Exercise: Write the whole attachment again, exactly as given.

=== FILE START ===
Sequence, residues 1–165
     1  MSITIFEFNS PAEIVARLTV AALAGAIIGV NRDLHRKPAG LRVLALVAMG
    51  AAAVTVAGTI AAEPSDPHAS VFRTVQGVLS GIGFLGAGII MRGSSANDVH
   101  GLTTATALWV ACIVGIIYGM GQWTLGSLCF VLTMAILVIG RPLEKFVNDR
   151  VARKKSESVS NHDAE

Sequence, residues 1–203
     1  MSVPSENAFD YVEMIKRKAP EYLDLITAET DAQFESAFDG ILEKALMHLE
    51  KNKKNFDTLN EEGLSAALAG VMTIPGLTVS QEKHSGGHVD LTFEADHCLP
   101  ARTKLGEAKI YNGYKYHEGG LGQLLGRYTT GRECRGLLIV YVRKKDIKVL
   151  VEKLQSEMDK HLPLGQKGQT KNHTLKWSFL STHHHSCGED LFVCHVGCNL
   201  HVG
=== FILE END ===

Sequence, residues 1–165
     1  MSITIFEFNS PAEIVARLTV AALAGAIIGV NRDLHRKPAG LRVLALVAMG
    51  AAAVTVAGTI AAEPSDPHAS VFRTVQGVLS GIGFLGAGII MRGSSANDVH
   101  GLTTATALWV ACIVGIIYGM GQWTLGSLCF VLTMAILVIG RPLEKFVNDR
   151  VARKKSESVS NHDAE

Sequence, residues 1–203
     1  MSVPSENAFD YVEMIKRKAP EYLDLITAET DAQFESAFDG ILEKALMHLE
    51  KNKKNFDTLN EEGLSAALAG VMTIPGLTVS QEKHSGGHVD LTFEADHCLP
   101  ARTKLGEAKI YNGYKYHEGG LGQLLGRYTT GRECRGLLIV YVRKKDIKVL
   151  VEKLQSEMDK HLPLGQKGQT KNHTLKWSFL STHHHSCGED LFVCHVGCNL
   201  HVG